Eagles defensive coordinator Jim Schwartz had effusive praise for Malcolm Jenkins on Tuesday, delivering a 521-word answer that spanned more than three minutes in response to a question about what the Pro Bowl safety meant to him.
Jenkins played six seasons in Philadelphia and won his second Super Bowl here, but returned to New Orleans after a contract extension and raise was ruled out of the question.
He said this Wednesday (via Zach Berman at The Athletic):
“I gave everything I had to the city, to the team. Did everything the coaches asked me to do, did everything to make the players around me better, try to put my best football out there. And it just wasn’t valued that much by those who make the decisions. For me, it was just more of a principle about respect. I really didn’t care what the money was. But I wanted to see what the respect factor was. And it wasn’t valued what I thought. And so decisions are made. And I ended up at a place that values what I bring.”
Hmm, well those are pretty strong words for Howie Roseman.
Jenkins, you’ll recall, said in January what he wouldn’t return to the Eagles on the same deal he played with in 2019. He was a pseudo-holdout in the summer and felt that he outplayed a contract that ranked him 9th among NFL safeties in annual average value at the time. Jenkins, who was 32 years old, was earning less than guys like Landon Collins, Reshad Jones, Adrian Amos, Harrison Smith, and Lamarcus Joyner.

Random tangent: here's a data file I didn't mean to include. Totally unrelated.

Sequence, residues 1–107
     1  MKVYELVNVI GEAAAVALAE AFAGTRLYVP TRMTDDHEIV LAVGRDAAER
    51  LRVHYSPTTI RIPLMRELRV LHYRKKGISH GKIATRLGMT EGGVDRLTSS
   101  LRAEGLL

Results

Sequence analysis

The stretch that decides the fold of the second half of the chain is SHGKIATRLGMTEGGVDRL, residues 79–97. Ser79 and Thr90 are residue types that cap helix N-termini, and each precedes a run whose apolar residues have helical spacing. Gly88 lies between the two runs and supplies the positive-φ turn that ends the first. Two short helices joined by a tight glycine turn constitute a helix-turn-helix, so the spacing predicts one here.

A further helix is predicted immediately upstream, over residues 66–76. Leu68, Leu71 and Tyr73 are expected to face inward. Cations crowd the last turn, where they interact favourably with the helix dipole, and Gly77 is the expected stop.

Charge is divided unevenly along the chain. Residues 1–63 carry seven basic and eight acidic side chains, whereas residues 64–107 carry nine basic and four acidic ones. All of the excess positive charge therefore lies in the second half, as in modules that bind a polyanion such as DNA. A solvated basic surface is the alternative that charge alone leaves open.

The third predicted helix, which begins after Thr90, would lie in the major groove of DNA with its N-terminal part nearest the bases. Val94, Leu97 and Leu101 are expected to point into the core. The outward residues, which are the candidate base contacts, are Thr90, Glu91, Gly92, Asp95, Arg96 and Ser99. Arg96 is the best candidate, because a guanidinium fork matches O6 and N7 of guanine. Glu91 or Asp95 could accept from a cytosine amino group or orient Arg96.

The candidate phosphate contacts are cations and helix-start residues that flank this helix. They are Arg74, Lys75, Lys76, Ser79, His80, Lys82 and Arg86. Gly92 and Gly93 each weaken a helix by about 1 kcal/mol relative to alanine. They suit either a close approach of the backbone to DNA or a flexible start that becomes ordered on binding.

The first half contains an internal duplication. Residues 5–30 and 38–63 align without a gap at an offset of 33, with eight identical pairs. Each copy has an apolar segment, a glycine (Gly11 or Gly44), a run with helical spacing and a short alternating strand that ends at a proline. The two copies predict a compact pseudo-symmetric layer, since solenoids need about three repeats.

It’s understandable why he’d be annoyed with Roseman, though you have to note that the Eagles desperately needed to get younger find some cap relief. They still need to do that right now. Letting Jenkins walk was one of those moves that tastes bitter when it happens, but the Saints wound up giving $16 million guaranteed to a guy who was already 32 years old, and that would be something we’d criticize right now, in hindsight, considering what the rest of the Eagles’ cap situation currently looks like.
This was a bummer, and Jenkins is justified in feeling the way he does, but the Eagles needed an across-the-board movement to get younger and get cheaper. It’s a shame it ended the way it did, but it is what it is.